Crowd’fun’ding not so fun? (CIU 111.3 Blog 3)

Crowd. Funding. Crowd. Funding. Crowd. Funding. Does it need to be explained? As its name suggests; crowd funding is a way to raise revenue by allowing a large crowd to fund for you in small amounts per person. Crowd funding is commonly used by innovators, musicians, writers, filmmakers and many others in the creative arts field. This broad topic was discussed and debated upon in our week 10 CIU class and in my todays blog I shall briefly explain when is it most commonly used, how crowd funding works and if its beneficial or not.

Crowd funding is a method of raising finance, almost always used for a new venture or an up coming project, by allowing large amounts of public to share few amounts of capital; overall a large, large amount is often collected. This process is an online process where there are websites which work as mediums to help you post your promotion and allow people to invest in your upcoming product or service. “There are numerous donation crowd funding platforms where entrepreneurs can safely ask for capital such as Kickstarter, Indiegogo, RocketHub,” (Prive, 2012).

The biggest advantage of crowd funding for an artist is the funds that they have collected but crowd funding has many more advantages, such as said by the employees of The CrowdFunding Formula, “The crowd funding community is also very vocal. They’ll tell you what they like about your product and share their ideas for improving it,” (The CrowdFunding Formula, 2016). A major, major drawback for crowd funding is the all or nothing formula, “Most crowd funding platforms use the “all or nothing” model, which means even if you are a dollar short of your target you will end up with nothing,” (Jenson, 2014), an amount as small as a dollar can cause this operation to fail and have the artist left with nothing plus have lost a lot of time, effort and reputation. Furthermore the value of time is not appreciated as, “If a business owner needs a lot of money quickly, he may not be able to wait for the idea to catch fire on a crowdfunding site,” (Arora, 2012). Despite its few advantages, I believe crowd funding is not a fun process as it has high levels of risks; but if calculated and used correctly, you could receive high returns.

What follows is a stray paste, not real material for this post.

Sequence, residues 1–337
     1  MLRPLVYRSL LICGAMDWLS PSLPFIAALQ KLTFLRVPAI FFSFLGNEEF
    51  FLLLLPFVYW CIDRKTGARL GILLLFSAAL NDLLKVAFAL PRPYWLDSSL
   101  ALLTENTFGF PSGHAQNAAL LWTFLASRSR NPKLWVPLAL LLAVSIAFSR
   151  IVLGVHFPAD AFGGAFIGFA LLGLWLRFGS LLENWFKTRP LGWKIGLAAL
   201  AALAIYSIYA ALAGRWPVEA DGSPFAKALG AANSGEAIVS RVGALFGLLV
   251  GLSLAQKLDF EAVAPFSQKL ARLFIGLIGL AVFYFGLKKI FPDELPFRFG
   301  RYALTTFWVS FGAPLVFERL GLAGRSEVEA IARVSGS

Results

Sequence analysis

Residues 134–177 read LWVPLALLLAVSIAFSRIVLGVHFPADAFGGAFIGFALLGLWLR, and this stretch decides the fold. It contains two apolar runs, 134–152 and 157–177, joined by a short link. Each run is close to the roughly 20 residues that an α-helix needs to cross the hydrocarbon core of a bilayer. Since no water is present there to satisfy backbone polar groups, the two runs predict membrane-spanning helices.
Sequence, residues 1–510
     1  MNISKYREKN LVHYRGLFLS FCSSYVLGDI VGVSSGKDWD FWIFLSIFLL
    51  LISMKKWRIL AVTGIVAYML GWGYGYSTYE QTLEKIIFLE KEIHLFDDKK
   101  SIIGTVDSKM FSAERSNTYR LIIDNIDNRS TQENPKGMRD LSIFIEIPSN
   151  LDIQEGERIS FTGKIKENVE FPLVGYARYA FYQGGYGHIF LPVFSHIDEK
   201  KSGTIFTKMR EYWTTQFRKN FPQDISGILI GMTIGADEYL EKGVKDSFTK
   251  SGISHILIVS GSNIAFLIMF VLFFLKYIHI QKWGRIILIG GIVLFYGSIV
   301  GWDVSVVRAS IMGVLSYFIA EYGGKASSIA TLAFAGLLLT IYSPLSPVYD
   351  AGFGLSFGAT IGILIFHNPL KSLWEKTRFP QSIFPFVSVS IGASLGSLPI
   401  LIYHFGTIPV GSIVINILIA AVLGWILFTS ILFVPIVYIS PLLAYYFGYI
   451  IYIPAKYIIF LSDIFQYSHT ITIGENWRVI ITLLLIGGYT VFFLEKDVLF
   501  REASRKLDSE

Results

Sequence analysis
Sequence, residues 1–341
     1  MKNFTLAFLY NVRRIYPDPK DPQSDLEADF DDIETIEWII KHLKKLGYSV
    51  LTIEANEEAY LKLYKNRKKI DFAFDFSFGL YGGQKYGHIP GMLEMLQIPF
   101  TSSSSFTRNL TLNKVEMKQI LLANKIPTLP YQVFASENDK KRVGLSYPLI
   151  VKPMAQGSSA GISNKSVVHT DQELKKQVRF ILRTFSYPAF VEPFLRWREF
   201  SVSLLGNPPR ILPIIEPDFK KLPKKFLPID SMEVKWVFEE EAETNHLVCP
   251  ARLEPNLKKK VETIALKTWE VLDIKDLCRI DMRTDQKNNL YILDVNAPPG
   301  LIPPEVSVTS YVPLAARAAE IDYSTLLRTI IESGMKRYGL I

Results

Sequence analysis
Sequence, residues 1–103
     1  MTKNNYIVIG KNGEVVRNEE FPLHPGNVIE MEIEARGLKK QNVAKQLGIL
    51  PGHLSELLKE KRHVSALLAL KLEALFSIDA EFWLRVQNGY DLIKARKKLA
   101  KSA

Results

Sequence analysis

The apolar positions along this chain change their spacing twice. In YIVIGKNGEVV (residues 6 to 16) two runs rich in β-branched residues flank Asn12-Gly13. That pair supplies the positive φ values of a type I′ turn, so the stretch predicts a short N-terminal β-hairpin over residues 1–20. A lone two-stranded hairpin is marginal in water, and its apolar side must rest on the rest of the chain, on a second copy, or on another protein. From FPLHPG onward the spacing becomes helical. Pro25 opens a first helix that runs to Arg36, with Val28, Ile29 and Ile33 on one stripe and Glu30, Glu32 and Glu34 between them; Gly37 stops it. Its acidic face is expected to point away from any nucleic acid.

Reference List

Arora, R. (2012). 7 Reasons to Avoid Crowdfunding. Fox Business. Retrieved 5 April 2017, from http://www.foxbusiness.com/features/2012/10/23/7-reasons-to-avoid-crowdfunding.html

Jensen, T. (2014). The Disadvantages of Crowdfunding. The Startup Garage. Retrieved 4 April 2017, from https://thestartupgarage.com/disadvantages-crowdfunding/

Prive, T. (2012). Forbes Welcome. Forbes.com. Retrieved 7 April 2017, from https://www.forbes.com/sites/tanyaprive/2012/11/27/what-is-crowdfunding-and-how-does-it-benefit-the-economy/#7a6a135cbe63/

The Crowdfunding Formula,. (2016). 10 BIG Benefits of Crowdfunding. The Crowdfunding Formula. Retrieved 5 April 2017, from https://thecrowdfundingformula.com/2015/11/26/benefits-of-crowdfunding

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5 thoughts on “Crowd’fun’ding not so fun? (CIU 111.3 Blog 3)

  1. Rarely heard music projects being made by crowdfunding, as this is mostly used in projects such as video games and electronic products. Never knew that crowdfunding was this risky and challenging. Thanks for brightening my idea. Oh and btw, you usually give people extra bonus depending on how much they are ‘donating’

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